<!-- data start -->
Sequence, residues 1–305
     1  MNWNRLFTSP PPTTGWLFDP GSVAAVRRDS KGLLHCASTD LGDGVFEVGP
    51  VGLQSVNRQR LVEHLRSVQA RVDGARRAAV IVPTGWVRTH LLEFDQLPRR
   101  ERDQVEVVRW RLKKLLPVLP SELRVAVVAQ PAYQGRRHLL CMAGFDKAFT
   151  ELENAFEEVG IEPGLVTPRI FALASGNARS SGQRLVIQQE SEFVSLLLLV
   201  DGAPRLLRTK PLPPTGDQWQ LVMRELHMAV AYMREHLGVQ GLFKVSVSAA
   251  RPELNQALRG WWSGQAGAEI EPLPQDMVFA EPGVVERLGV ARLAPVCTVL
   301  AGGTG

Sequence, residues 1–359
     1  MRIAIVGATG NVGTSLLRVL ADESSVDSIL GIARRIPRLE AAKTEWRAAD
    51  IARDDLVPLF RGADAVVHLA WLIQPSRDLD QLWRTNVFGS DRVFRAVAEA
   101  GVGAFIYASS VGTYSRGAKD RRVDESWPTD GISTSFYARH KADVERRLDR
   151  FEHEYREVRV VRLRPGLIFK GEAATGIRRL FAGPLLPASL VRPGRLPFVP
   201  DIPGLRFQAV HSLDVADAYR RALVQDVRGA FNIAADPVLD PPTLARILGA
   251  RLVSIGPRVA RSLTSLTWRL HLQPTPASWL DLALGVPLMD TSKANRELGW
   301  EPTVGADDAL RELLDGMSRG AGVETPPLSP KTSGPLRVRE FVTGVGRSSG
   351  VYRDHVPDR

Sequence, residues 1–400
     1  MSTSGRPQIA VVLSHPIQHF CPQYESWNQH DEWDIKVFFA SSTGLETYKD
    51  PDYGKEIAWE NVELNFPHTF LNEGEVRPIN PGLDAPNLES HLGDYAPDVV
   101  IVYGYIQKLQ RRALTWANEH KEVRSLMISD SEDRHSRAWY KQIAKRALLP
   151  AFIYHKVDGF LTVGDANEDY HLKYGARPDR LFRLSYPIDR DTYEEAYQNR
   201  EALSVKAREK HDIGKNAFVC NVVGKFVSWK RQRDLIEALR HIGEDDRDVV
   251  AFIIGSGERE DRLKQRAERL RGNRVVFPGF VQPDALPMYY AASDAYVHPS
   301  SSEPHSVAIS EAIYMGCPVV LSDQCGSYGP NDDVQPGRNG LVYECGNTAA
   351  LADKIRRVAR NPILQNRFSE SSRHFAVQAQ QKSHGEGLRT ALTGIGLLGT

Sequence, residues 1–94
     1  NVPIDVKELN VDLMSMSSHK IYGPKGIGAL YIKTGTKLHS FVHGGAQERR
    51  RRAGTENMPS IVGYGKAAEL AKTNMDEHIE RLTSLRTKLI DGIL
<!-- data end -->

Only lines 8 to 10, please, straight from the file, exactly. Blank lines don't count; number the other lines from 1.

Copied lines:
   301  AGGTG

Sequence, residues 1–359
     1  MRIAIVGATG NVGTSLLRVL ADESSVDSIL GIARRIPRLE AAKTEWRAAD